Omega-3 fatty acids, often found in fish oil supplements and other seafood, have long gotten the reputation for being beneficial to physical and mental health. Now, a brand new study shows just how crucial they are to your overall well-being — including your lifespan.
Research recently published in Nature Communications analyzed 17 different studies totaling almost 43,000 participants to take a closer look at the connection between omega-3 fatty acid consumption and risk of death. After digging into the data around these compounds and people’s lifestyles, scientists found that participants who regularly had higher levels of omega-3 components like EPA and DHA lived an average of 13 percent longer than those who included fewer omega-3 compounds in their diets.
On top of a lengthier lifespan, people who had more omega-3 fatty acids in their diets decreased their cancer risk by 15 percent and lowered their risk of cardiovascular disease by 11 percent.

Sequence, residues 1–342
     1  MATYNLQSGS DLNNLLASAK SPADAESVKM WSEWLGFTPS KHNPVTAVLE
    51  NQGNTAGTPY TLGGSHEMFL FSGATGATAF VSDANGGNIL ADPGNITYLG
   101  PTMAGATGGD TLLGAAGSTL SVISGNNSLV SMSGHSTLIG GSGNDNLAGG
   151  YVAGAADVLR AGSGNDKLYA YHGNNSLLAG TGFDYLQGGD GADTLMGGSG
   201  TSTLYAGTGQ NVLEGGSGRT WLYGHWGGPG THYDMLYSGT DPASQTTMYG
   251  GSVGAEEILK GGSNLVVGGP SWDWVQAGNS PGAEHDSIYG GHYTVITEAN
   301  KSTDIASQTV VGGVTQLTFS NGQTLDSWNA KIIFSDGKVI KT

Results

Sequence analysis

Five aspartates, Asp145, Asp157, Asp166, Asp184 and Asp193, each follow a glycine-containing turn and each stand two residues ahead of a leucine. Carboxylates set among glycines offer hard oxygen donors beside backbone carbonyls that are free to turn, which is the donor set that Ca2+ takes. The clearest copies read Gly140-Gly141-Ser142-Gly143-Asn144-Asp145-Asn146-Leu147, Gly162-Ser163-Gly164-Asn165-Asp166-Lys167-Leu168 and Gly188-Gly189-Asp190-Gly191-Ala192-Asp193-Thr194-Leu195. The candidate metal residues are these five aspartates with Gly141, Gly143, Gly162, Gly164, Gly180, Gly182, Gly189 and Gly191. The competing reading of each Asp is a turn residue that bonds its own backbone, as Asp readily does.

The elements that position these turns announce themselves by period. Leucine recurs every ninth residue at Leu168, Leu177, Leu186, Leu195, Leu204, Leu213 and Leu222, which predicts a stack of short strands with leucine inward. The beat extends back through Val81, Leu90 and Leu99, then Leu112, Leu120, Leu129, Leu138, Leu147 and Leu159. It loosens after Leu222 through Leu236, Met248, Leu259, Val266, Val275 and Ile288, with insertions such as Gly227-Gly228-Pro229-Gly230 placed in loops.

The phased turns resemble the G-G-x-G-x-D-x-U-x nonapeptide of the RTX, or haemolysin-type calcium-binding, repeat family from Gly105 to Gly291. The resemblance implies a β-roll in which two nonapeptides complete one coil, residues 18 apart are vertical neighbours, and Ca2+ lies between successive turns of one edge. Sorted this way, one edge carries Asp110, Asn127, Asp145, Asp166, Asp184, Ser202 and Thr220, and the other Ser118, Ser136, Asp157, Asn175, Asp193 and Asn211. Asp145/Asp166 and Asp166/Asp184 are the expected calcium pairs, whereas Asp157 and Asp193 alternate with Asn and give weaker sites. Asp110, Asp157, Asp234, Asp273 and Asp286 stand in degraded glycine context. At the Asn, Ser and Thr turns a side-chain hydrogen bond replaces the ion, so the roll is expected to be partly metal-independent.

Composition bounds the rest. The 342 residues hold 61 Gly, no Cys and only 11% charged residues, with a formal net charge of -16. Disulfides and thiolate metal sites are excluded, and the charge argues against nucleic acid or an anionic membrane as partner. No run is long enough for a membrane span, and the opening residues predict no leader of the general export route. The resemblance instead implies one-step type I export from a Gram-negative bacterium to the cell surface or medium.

The team behind the study hopes that their findings will make more people want to start enriching their diets with omega-3 fatty acids. “Since all of these analyses were statistically adjusted for multiple personal and medical factors, we believe that these are the strongest data published to date supporting the view that over the long-term, having higher blood omega-3 levels can help maintain better overall health,” explains Bill Harris, PhD, the paper’s lead author and the founder of the Fatty Acid Research Institute.
If all of that news didn’t make you want to run out and grab some fish oil supplements (Buy on Amazon, $9.14), another recent study published earlier this month found that omega-3 fatty acids play a critical role in preventing stress-induced signs of aging. A compound that protects against heart disease, cancer, shorter lifespans, and aging? Sounds it’s time to also eat some more seafood, nuts, and seeds. (Just make sure you talk to your doctor first before making any changes to your diet, like adding a new supplement!)
This article originally appeared on our sister site, First For Women.
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